Dr. Lonnie Smith Trio
Jazz Standard / 7:30PM, 9:30PM, $35
“On a sultry night in June 2016, Dr. Lonnie Smith celebrated his 75th birthday with an inspired performance at the Jazz Standard with his longtime trio of Jonathan Kreisberg (guitar) and Johnathan Blake (drums). They marked the turban-clad B3 icon’s milestone trip around the sun with a joyous set featuring funky, inventive renditions of Wayne Shorter’s “JuJu,” Paul Simon’s “50 Ways to Leave Your Lover” (with Joe Dyson guesting on drums), and the 1962 Freddie Hubbard composition “Up Jumped Spring,” in addition to a revamped version of the good doctor’s own 1977 jam “All in My Mind,” with Alicia Olatuja on vocals. That song also serves as the title cut to the album that was recorded and produced from the concert by Blue Note president Don Was, who was instrumental in bringing Smith back to the label whose sound he helped define in the ’60s. All in My Mind will hit stores on January 12, and its release is being celebrated at the very place it originated, with a three-night stand at the Standard. The Hammond heat from this living master of soul jazz will certainly bring some much-needed warmth to this city trapped in a deep freeze.” (Ron Hart, Village Voice)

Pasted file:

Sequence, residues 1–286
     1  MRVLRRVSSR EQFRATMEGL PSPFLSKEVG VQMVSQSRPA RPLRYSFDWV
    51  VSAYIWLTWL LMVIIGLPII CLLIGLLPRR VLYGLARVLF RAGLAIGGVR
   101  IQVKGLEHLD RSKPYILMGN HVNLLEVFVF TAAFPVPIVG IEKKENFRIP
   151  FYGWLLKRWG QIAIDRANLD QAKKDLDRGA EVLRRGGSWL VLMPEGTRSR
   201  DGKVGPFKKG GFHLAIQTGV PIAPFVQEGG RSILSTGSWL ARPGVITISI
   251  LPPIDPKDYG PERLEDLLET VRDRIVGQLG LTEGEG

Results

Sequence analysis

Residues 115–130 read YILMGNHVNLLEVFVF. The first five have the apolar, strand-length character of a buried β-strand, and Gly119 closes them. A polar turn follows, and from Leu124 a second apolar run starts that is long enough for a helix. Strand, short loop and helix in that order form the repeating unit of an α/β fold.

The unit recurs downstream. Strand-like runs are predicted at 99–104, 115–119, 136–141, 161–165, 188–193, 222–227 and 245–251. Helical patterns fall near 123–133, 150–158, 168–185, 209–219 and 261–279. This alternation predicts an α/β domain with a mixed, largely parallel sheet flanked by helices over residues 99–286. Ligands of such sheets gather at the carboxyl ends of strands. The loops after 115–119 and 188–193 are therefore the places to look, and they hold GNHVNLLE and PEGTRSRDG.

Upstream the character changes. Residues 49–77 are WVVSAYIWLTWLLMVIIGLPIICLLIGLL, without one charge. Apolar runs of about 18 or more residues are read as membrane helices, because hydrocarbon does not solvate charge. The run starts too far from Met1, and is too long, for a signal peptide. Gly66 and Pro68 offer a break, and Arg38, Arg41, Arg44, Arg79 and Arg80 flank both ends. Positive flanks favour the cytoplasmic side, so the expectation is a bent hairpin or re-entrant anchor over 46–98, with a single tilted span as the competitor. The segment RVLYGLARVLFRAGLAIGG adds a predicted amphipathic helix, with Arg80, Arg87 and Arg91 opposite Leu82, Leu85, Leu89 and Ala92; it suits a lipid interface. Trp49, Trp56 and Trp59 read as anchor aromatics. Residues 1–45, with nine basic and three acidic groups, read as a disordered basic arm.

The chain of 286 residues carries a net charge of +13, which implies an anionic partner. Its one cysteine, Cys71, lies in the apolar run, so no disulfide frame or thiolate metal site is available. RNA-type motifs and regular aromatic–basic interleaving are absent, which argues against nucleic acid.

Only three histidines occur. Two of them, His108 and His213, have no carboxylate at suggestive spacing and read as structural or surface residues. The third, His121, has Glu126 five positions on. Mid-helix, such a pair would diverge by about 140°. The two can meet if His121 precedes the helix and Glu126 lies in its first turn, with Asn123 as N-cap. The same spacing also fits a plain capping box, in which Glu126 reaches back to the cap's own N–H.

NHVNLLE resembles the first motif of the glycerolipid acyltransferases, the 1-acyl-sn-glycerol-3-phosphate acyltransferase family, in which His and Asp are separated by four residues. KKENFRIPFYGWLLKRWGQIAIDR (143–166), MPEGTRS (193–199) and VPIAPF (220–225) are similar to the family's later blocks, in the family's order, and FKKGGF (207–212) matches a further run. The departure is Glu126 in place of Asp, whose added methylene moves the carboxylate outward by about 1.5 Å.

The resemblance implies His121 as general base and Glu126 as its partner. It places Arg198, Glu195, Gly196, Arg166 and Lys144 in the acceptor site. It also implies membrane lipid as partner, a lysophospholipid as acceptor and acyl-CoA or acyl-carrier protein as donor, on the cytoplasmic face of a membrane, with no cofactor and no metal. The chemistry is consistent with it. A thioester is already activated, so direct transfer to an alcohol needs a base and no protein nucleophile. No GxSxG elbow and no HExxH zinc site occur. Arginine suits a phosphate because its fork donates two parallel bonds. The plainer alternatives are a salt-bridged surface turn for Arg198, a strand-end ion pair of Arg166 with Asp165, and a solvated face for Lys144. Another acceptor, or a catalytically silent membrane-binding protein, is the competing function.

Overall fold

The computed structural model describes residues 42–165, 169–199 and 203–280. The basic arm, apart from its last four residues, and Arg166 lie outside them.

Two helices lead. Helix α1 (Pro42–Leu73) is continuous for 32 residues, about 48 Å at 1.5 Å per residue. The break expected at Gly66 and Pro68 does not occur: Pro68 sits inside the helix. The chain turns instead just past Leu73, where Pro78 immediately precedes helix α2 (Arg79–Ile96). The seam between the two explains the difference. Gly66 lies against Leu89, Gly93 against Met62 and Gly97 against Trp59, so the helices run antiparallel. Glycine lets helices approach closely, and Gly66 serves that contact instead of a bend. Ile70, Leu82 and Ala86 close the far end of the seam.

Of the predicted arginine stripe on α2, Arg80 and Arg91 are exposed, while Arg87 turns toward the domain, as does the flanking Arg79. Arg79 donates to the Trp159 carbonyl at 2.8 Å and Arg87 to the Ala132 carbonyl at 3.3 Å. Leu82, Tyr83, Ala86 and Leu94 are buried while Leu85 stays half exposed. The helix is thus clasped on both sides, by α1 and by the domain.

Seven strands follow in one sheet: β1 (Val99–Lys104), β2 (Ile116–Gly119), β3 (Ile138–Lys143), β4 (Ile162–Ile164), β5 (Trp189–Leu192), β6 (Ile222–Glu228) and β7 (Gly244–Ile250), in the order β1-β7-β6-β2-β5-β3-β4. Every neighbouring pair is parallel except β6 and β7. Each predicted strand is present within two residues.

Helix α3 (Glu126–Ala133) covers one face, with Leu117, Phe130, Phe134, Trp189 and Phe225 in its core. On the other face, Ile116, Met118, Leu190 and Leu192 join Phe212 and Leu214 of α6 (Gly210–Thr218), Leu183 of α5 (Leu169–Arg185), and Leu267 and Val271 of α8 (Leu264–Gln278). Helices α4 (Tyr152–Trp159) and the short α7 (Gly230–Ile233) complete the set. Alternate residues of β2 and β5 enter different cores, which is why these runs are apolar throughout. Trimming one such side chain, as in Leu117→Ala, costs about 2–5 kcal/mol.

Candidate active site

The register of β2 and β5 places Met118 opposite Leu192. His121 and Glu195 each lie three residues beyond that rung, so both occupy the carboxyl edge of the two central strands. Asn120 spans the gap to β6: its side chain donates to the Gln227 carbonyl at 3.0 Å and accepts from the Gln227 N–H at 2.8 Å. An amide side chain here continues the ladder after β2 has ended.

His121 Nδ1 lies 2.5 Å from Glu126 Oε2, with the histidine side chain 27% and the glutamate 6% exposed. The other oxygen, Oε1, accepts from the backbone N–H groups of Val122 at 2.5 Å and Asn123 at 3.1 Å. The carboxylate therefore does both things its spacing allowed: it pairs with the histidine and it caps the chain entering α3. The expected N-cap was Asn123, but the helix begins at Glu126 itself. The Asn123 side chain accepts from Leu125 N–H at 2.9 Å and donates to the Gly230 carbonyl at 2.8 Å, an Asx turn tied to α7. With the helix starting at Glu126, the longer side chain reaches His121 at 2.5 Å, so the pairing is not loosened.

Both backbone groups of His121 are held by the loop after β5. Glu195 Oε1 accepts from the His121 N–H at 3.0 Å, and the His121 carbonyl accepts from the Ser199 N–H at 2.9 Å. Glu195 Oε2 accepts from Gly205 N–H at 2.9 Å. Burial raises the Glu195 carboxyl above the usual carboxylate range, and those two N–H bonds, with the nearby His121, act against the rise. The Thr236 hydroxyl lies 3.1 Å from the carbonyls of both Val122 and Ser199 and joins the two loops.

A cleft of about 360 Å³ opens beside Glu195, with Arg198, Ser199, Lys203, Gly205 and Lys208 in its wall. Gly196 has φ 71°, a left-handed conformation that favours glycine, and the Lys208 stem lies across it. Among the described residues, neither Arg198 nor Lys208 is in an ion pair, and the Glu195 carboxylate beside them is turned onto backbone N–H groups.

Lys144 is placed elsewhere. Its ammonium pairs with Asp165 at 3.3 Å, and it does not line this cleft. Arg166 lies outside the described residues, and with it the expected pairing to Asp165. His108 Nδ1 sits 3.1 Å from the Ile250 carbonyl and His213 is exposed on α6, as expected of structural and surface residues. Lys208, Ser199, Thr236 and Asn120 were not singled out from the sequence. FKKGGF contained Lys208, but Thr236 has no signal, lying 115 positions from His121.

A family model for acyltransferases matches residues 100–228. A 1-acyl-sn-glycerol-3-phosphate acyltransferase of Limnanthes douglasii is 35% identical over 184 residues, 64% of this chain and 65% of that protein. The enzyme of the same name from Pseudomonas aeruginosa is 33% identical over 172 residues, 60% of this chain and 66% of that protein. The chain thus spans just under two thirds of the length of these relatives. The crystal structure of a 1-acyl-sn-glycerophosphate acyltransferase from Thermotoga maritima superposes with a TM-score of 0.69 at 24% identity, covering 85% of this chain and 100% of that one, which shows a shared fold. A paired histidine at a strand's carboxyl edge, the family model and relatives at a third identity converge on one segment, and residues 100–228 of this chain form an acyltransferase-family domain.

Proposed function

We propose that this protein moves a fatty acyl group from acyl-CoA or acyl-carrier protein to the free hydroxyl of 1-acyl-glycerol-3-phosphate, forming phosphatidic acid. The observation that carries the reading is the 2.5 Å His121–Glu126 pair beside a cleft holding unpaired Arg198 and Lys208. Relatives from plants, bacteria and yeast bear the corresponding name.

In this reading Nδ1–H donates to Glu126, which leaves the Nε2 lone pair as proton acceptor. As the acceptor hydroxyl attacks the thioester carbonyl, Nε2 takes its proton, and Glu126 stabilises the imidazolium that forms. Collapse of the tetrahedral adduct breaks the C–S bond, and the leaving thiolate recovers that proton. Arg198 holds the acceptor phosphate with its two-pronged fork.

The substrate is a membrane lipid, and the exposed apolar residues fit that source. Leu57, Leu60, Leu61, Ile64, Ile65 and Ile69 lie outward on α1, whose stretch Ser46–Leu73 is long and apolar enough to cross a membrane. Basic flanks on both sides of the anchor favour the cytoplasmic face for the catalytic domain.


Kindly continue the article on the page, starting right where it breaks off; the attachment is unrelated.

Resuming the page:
Smart Stuff / Other NYC Events
(Lectures/Discussions, Book Talks, Film, Classes, Food & Drink, Other)
Martin Luther King Jr. Weekend Events
try New York Magazine’s very fine list:
“Nine ways to honor Dr. King’s legacy this weekend.”
NYC Winter Jazzfest (Jan.10-17)
Various times and venues, Prices vary
“More than 130 acts perform in twelve venues over eight days during the annual stamina-testing NYC Winter Jazzfest, which kicks off Wednesday, January 10, with emerging British jazz acts The Comet Is Coming, saxophonist Nubya Garcia, and trumpeter Yazz Ahmed. Coming up, saxophonist Ravi Coltrane pays tribute to his mother, Alice; drummer Teri Lyne Carrington hosts an all-star celebration of the late pianist Geri Allen; and flutist-composer Nicole Mitchell explores a sci-fi musical utopia. The core of the festival, of course, is the weekend marathon. Bundle up Friday night to hear saxophonist Rudresh Mahathappa’s rhythmically elliptical Indo-Pak Coalition, drummer Ches Smith’s Haiti-centric We All Break, and experimental Brooklyn duo Sonnymoon at various locations. And explore the free-jazz outskirts at the New School on Saturday with power trio Harriet Tubman and the Sun Ra Arkestra’s live score to the Ra-written 1974 Afrofuturist film Space Is the Place.” (Richard Gehr, Village Voice)